I am a woman of very few talents, but I have always been good at getting along with other people. Not because I’m particularly charismatic–I’m not–but because I am good at figuring out what others want from me and then working hard to deliver just that. When your goal is to have other people like you, you learn rather quickly that conforming to their beliefs and expectations is important, even if that means hiding the parts of yourself that you know won’t meet with approval.
It took me a long time before I figured out that being my real, whole, self was so much more important than pleasing others. And it has taken me even longer to break the habit of caring so much about whether or not other people like me. Honestly, I’m in my late middle age and it’s still something I struggle with.
It still hurts when I meet someone new, and after a few minutes of polite conversation they excuse themselves and hurry away in search of someone more interesting to talk to. It still stings when I hear friends talking about a social gathering I didn’t know about because I wasn’t invited. And I still feel a bit ashamed, like a child who has been scolded, when I voice an opinion and someone tells me in no uncertain terms that I’m dead wrong.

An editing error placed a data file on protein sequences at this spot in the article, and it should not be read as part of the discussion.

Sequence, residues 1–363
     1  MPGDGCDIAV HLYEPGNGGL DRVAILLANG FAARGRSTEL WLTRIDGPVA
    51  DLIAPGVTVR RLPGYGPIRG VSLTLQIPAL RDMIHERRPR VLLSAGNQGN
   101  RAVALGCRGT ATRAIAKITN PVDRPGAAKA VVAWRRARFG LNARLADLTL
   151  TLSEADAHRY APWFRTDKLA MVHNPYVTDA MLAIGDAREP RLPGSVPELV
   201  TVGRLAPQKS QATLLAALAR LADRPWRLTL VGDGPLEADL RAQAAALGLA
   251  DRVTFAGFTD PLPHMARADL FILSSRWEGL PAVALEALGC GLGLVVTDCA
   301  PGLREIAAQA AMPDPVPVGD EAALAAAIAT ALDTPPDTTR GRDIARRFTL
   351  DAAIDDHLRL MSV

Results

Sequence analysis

The downside of social media and blogging is how it can feed into those insecurities, what with those little “like” buttons that let me know immediately how many people approve of a particular post. WordPress takes it a step further with its stats on how many views and visitors are generated each time I publish something. It’s easy to believe that the value of a post is determined solely by the number of likes and views.
Last week, I published a post that had 1,225 views, followed closely by a post that had exactly 102 views. I spent approximately the same amount of time and effort on each one, and felt that I had written both posts the best way I knew how. It’s tempting for me to study the more popular post to see what made so many people like it, and there was a time in my life when I believe I would have done just that. Thankfully, in many ways I’ve moved past that mindset and plan to move forward as I’ve always done, which is just writing about what interests me and working on each post until I’m satisfied with the result.
Blogging can be hard for someone who still struggles sometimes to find the courage to let her true voice be heard. I have to remind myself now and then that all I really have to offer in this blog is my own perspective and my own thoughts. Sometimes my words will strike a chord with lots of people and sometimes with just a few people, and it’s good either way. The important thing is that my words are an expression of my true self, rather than something I filtered heavily in order to attract the maximum amount of approval.
In many ways, my blog has helped me finally find my own voice. And if I am lucky enough that my words help someone else, that’s just icing on the cake.